War of the Rebellion: Serial 073 Page 0774 THE ATLANTA CAMPAIGN. Chapter L.

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Numbers 383.

Reports of Colonel James P. Brownlow, First Tennessee Cavalry commanding First Brigade, of operations July 27-31 (McCook's raid).

HDQRS. FIRST CAV. DIV., DEPT. OF THE CUMBERLAND,

Marietta, Ga., August 1, 1864.

GENERAL: I have the honor to submit the following brief report of operations of this command from July 28 till the present time:

On the morning of July 28 we crossed the Chattahoochee River above Campbellton and moved twelve miles southwest of Campbellton, recrossed the river, and advanced to Palmetto Station, on the West Point railroad, without opposition. Here the road was destroyed for some distance, together with the depot and a few box cars containing a quantity of salt, bacon, flour, and other commissary stores. At 9 p. m. we advanced, via Fayetteville, to Lovejoy's Station, on the Macon road, which was destroyed in such a manner as to render it unserviceable for about twelve or fifteen days. We destroyed a large amount of commissary stores at this place. Between Fayetteville and Lovejoy's we destroyed more than 500 wagons loaded with general supplies, together with general headquarters wagons of the army. At 12 m. on the 29th the First Brigade, Colonel Croxton, Fourth Kentucky Mounted Infantry, commanding, was attacked by Armstrong's cavalry brigade, which was handsomely repulsed after three hours' hard fighting. On the 30th we moved in the direction of Newnan, with a view of recrossing the river at Moore's Bridge. Here we were attacked at 8 a. m. by two divisions of cavalry and one division of infantry. The fighting was desperate during the entire day. At 5 p. m., seeing that the division would be overwhelmed and compelled to surrender, General McCook gave permission for the commanding officers to save themselves, if possible. I cut the enemy's lines with 600 men, but was unable to cross more than 150 on account of the enemy's crossing in force at Moore's Bridge. I reached Conyers with twenty-eight mounted men; the remainder, being dismounted, have not yet arrived, but are expected hourly. Major Purdy, Fourth Indiana Cavalry, crossed twenty miles below Moore's Bridge, and has arrived safely with 280 mounted men. I do not think any other attempts were made to escape. My opinion is that General McCook surrendered at dark; I am not certain of this fact.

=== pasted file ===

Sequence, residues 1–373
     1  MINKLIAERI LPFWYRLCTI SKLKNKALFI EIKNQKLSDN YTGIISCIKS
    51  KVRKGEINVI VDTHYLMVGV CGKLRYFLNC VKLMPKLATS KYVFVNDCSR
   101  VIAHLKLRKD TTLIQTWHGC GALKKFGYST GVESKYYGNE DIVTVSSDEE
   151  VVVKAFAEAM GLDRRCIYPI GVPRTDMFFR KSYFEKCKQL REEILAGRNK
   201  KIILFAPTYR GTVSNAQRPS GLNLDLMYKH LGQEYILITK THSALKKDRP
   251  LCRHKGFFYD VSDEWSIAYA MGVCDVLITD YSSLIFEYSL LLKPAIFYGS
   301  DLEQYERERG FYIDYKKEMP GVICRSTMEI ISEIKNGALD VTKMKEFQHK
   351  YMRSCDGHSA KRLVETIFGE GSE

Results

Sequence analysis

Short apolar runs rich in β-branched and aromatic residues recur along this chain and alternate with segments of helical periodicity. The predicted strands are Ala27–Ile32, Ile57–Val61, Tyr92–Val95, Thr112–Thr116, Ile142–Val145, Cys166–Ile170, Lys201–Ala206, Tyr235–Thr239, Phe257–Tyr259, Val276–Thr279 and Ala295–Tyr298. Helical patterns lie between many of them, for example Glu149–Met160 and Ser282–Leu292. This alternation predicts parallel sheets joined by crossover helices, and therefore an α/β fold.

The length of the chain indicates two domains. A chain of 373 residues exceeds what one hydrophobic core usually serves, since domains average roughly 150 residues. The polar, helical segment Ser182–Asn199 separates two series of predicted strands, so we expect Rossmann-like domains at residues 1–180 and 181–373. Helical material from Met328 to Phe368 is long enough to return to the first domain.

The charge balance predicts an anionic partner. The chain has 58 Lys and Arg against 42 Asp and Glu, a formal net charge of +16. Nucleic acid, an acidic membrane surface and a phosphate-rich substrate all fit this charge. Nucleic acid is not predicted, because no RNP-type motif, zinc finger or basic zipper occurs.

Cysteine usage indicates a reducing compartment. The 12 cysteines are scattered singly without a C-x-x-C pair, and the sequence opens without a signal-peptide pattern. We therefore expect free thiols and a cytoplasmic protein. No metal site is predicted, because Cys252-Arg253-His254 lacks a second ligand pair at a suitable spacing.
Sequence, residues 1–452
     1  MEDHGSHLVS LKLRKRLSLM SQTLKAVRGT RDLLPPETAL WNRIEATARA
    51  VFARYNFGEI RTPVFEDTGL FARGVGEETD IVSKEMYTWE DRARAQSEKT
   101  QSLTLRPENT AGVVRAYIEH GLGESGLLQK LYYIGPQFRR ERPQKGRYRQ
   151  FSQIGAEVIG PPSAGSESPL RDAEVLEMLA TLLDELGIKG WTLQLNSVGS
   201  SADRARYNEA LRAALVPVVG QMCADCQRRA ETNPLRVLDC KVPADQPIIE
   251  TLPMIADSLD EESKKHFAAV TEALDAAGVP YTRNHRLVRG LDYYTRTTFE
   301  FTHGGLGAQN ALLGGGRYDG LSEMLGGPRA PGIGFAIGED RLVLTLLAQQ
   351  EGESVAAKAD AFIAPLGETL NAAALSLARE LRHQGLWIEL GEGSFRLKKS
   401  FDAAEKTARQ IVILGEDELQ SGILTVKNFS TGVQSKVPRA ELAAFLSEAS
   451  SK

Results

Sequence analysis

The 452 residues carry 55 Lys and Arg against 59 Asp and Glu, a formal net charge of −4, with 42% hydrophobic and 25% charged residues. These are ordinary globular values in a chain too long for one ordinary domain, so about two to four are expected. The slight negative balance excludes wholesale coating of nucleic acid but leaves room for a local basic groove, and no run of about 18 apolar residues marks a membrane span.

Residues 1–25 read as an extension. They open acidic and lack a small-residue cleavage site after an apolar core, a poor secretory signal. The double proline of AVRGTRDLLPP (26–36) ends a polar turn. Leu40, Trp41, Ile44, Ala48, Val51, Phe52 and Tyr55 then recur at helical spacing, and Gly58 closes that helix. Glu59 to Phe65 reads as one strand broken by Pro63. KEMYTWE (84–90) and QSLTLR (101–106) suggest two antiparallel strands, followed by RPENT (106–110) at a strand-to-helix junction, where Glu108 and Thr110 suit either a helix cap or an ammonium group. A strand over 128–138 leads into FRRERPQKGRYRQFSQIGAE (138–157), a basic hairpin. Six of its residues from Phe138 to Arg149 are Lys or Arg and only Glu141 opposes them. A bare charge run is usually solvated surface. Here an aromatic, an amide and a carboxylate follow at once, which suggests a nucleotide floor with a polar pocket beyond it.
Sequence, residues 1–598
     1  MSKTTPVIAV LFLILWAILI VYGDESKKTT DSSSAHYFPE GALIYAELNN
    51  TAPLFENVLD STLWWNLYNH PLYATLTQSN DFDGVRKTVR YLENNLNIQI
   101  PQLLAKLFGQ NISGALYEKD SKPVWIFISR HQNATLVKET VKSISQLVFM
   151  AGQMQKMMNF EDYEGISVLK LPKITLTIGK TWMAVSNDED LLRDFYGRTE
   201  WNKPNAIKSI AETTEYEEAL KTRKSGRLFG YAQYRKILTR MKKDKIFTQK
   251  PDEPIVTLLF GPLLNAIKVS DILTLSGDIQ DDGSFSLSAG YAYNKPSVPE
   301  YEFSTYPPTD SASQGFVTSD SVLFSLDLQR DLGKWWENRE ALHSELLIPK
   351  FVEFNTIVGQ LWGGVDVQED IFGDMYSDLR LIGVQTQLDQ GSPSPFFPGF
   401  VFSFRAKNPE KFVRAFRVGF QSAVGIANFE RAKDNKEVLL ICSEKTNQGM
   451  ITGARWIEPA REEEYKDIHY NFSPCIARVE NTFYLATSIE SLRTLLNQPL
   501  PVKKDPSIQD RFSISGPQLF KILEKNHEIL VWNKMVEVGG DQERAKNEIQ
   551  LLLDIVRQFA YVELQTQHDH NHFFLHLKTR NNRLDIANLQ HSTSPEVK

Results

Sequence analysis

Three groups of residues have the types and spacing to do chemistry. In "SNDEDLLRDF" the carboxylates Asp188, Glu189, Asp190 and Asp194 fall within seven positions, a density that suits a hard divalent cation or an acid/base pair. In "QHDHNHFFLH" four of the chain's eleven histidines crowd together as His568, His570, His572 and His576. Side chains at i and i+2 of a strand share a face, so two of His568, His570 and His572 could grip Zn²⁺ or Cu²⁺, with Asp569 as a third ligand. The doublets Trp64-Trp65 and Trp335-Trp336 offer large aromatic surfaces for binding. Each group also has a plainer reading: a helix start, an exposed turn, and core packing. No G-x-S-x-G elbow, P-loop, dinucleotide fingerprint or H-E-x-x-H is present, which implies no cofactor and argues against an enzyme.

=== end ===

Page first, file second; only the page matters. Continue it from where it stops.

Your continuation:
Our loss will not exceed 2,000 killed, wounded, and missing, 2 pieces of artillery, and 6 ambulances. I will send in a detailed account to-morrow.

JAS. P. BROWNLOW,

Colonel, Commanding.

[Brigadier General W. L. ELLIOTT, Chief of Cavalry.]

HDQRS. FIRST BRIGADE, FIRST CAVALRY DIVISION, DEPARTMENT OF THE CUMBERLAND,

Marietta, Ga, August 5, 1864.

CAPTAIN: I have the honor to submit the following report of operations of this brigade on the late raid, commencing July 27, 1864, and ending August 3, 1864:

In obedience to orders, July 27, 1864, we left camp at Mason's Church, crossed the Chattahoochee River at Turner's Ferry, and, in